The Delaware Court of Chancery addressed a claim of fraud in connection with the purchase of six subsidiary companies of ValueClick, Inc. made pursuant to a Purchase Agreement. The plaintiff-buyer alleged that ValueClick, Inc. fraudulently induced it to overpay for one of the subsidiaries. The Court found that this claim was foreclosed based on the combination of an affirmative anti-reliance clause and an integration clause found in the Purchase Agreement. The anti-reliance clause stated: “The Buyer acknowledges that neither the Seller nor any of its Affiliates or Representatives is making, directly or indirectly, any representation or warranty with respect to any [purchase-related information], unless any such information is contained in [this Agreement].” The Purchase Agreement’s integration clause set forth standard integration language that clearly defined the writings that comprised the parties’ agreement.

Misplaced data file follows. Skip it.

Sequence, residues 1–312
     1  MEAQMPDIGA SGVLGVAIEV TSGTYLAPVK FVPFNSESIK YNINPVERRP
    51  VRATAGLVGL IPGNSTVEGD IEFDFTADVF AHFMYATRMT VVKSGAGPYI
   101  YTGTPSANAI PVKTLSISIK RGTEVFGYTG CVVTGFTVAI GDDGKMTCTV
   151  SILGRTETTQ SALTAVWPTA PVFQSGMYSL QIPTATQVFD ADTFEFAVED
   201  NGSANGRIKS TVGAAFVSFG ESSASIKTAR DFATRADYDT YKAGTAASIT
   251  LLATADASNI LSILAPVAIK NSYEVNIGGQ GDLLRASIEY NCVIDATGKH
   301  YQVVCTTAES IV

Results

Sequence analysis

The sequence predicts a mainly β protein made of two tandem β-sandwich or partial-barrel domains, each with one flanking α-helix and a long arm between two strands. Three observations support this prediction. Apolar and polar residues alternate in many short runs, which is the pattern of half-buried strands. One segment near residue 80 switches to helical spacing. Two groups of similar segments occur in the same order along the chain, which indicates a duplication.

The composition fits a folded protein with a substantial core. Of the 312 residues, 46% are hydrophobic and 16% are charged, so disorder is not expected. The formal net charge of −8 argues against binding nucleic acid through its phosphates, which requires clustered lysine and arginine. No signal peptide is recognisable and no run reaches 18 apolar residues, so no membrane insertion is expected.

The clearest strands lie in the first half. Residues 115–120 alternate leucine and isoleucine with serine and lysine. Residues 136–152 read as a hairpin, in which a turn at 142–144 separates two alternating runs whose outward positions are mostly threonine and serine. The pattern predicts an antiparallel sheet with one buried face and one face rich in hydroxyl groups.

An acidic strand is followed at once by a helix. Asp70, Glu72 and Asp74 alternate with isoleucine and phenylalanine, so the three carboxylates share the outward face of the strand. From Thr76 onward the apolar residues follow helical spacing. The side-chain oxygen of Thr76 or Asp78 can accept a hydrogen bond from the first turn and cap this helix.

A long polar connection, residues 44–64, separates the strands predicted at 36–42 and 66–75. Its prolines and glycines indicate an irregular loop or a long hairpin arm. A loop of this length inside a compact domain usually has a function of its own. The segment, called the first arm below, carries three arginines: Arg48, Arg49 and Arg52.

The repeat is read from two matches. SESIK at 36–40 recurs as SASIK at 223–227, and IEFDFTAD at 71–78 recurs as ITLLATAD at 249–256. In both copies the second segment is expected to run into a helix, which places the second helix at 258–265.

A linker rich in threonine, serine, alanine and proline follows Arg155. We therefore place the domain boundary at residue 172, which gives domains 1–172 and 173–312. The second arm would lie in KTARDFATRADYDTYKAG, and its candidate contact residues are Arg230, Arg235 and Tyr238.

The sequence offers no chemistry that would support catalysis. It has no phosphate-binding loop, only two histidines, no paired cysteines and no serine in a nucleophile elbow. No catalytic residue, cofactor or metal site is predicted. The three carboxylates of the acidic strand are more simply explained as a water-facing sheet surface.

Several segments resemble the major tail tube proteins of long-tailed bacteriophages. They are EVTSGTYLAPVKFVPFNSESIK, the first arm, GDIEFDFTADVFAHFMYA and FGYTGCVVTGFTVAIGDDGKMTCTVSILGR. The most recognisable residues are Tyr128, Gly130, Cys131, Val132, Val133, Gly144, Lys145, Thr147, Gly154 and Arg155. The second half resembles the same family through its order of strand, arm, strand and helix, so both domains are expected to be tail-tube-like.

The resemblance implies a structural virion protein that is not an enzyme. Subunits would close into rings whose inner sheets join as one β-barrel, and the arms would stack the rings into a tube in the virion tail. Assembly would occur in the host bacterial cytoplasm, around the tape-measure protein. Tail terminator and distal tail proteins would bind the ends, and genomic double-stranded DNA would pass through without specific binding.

BOTTOM LINE: In order to foreclose claims of fraud based on statements or omissions made outside the terms of a contract, the contract must contain an affirmative disclaimer that either: (1) specifically includes what the party claiming fraud is relying upon when it decides to enter into the agreement or (2) that the party claiming fraud was not relying on any representations made outside of the agreement.